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Women's Voices Echo in New Art Exhibit

By Suzanne Sprague

DALLAS – [Open with flute solo music]

Suzanne Sprague, KERA 90.1: Poet Jacquelyn Spier says there are voices that echo through the Chihuahuan Desert near her El Paso home. They are the voices from generations of women who inspired Spier to become a writer. Jacqueline Spier, Poet: I'm telling the story that women today have a voice; and today we're able to tell the truth about who we are, what we feel, and what's happened to us - both the pain, the sadness and the joys.

Sprague: Spier has been writing poetry for more than 20 years. But in the mid-1990s, she began collaborating with a group of women in El Paso who called themselves the "DIVAS," for Diversity in the Visual Arts. Spier would write poems based on the drawings and paintings of the other artists; and, in turn, they would read Spier's poems as inspiration for some of their work. This is part of "Primrose," Spier's poem about the aftermath of her mother's hysterectomy.

Spier: I didn't know what to say.Maybe she just wanted me to hold herthe way my children do. I don't know what I did.Watered my Mexican primrose, I guess.They are so relentless, have a secrettunnel underneath the ground,always keep a way in and out.Something my mother never knew,never wanted anyone to knowshe was Mexican and closed down.

Sprague: Out of this poem was born Jean McGee's painting, "I Guess I Watered My Mexican Primrose," of a woman working in an abundant garden.

Jean McGee, Painter: Jackie wrote this poem, and when I read it, I was absolutely stunned by the power of what she was talking about it; and I related to it because I also loved a garden; and so it came to me, the vision of what you do when something dreadful happens or something tough, you work in the garden.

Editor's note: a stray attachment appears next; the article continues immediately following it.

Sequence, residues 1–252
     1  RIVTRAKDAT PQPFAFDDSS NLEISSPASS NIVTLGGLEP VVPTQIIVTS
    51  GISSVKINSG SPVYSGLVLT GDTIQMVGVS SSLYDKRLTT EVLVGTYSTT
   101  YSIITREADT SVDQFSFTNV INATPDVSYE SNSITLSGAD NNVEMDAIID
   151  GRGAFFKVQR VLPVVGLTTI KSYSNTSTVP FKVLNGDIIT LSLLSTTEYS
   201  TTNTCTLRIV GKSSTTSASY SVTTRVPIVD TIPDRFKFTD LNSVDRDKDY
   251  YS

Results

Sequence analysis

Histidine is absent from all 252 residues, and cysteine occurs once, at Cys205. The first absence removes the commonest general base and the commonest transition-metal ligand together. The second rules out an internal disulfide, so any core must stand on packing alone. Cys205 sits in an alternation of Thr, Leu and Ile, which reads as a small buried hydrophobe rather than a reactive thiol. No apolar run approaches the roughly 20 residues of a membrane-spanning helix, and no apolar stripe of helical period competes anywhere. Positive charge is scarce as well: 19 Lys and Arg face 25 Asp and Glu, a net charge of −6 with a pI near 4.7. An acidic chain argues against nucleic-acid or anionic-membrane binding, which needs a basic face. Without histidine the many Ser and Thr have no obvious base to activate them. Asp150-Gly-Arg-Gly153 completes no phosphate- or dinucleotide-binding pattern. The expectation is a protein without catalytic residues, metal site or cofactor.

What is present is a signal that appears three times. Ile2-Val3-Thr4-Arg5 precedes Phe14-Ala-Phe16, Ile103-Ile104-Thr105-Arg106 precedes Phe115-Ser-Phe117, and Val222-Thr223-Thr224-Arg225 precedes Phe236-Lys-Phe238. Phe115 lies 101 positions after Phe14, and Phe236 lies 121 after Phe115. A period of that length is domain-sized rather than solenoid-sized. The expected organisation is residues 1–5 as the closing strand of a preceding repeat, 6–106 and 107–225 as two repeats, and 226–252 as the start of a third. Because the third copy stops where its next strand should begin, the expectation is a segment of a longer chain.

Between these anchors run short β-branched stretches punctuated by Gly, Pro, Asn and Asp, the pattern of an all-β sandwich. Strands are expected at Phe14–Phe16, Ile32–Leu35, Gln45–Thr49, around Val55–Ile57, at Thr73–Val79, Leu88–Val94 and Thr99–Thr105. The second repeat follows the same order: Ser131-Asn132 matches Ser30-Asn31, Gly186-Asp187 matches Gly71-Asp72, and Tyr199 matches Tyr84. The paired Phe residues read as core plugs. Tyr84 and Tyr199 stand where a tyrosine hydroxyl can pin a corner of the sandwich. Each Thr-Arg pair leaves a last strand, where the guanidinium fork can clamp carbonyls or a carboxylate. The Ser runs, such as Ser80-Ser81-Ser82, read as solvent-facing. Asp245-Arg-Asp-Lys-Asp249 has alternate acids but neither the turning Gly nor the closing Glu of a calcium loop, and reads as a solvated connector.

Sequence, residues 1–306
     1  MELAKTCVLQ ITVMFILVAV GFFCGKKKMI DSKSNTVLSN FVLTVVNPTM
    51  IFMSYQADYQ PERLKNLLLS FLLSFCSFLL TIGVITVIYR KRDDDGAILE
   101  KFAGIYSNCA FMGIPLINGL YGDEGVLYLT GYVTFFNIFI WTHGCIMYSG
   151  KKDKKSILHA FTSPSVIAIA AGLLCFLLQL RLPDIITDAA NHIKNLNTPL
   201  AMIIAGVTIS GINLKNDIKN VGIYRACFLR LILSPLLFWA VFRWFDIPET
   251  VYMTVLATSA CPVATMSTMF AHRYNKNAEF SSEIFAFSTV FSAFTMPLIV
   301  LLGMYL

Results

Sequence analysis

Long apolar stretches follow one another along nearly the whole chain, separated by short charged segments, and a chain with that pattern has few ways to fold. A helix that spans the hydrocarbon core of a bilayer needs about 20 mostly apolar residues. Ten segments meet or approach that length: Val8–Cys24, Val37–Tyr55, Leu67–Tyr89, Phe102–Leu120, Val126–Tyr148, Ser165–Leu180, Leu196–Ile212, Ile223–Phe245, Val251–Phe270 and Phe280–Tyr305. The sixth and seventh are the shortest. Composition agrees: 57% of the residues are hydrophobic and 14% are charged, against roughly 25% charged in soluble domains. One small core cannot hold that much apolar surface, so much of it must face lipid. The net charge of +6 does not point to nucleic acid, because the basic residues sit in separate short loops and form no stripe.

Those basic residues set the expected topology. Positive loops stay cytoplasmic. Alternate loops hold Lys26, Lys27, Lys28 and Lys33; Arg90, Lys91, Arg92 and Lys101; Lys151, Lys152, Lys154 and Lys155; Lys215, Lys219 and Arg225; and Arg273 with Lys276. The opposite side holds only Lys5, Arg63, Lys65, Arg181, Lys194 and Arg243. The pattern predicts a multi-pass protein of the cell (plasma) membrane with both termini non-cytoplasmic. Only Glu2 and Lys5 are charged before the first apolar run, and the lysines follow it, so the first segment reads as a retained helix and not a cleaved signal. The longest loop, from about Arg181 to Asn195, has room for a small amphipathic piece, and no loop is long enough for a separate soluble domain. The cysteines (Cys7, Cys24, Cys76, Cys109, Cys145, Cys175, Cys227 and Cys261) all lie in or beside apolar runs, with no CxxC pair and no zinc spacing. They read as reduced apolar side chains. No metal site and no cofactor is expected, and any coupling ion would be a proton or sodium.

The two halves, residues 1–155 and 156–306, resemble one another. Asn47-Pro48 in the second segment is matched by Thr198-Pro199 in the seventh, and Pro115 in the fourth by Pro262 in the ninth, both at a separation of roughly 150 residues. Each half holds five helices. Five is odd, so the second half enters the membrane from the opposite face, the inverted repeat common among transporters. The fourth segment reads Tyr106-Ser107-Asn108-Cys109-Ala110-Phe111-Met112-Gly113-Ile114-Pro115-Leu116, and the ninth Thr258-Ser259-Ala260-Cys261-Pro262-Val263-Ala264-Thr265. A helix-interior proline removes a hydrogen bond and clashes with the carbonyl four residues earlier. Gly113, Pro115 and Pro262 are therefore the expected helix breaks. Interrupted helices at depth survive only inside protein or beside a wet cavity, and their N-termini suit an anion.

Sprague: McGee says this collaboration between painter and poet made her a better artist.

McGee: I think that before this group and before painting with Jackie, I was a much more superficial painter; and this has helped me to feel more deeply what I'm painting; and it's just been a mind-expanding thing all around to be involved in.

Sprague: Others admired the work as well. Last year, Leadership Texas, a women's leadership forum based in Austin, helped publish a book of the DIVAS' paintings and poems. Although the artists no longer work together formally, they remain friends and support each other's artistic ventures. And now, many of their works are on display at The Women's Museum in an exhibit called "Desert Echo: Women Illuminate the Sacred."

Jacqueline Bell, Marketing Directo, The Women's Museum: And more than an exhibit of artwork, it's about the conversations between women and the friendships between women, and a support mechanism that women provide, one to the other.

Sprague: Jacqueline Bell is the Museum's marketing director.

Bell: And the subtitle, of course, "Women Illuminate the Sacred," talks about the way in which women identify and embrace that which is sacred. The sacredness of their lives, the sacredness of their families, the sacredness of their environments, the sacredness of the everyday common things that make our lives special.

Sprague: The artists in this exhibit have painted families, flowers and scenes from the desert Southwest. They use watercolors and oils, pastels and acrylics. Sometimes their colors are strong and bright. In other works, they're more muted tones. But every painting tells a story, something the artists sought to teach students during a master class they held at Booker T. Washington High School.

Spier (addressing the classroom): You're going to hear a poem about women my age (laughing).

Sprague: Spier read one of her poems to the group of hopeful artists. The DIVAS discussed their collaboration. And they asked students like 11th grader Chloe Hogg to write or draw something that expressed what they liked about themselves.

Chloe Hogg, Student, Booker T. Washington High School: I wrote about myself. I have no title, but it goes like this: Light brown eyes that lure men, beast, woman or child. Small nose. Full lips. Deep dimples. Small hips. Muscle legs sit down low and love to show my fat big toe.

Sprague: It may be just a beginning, but Chloe seems to like the idea of women working together for artistic inspiration.

Hogg: I think it's good. 'Cause we're all on one chord. You know women. It would be different 'cause usually men are always controlling, but now we're in there.

Sprague: These are the words many of the DIVAS didn't hear when they were teenagers. But they're giving a voice to them now. Their exhibit, "Desert Echo," runs through July 27th in Dallas. For KERA 90.1, I'm Suzanne Sprague.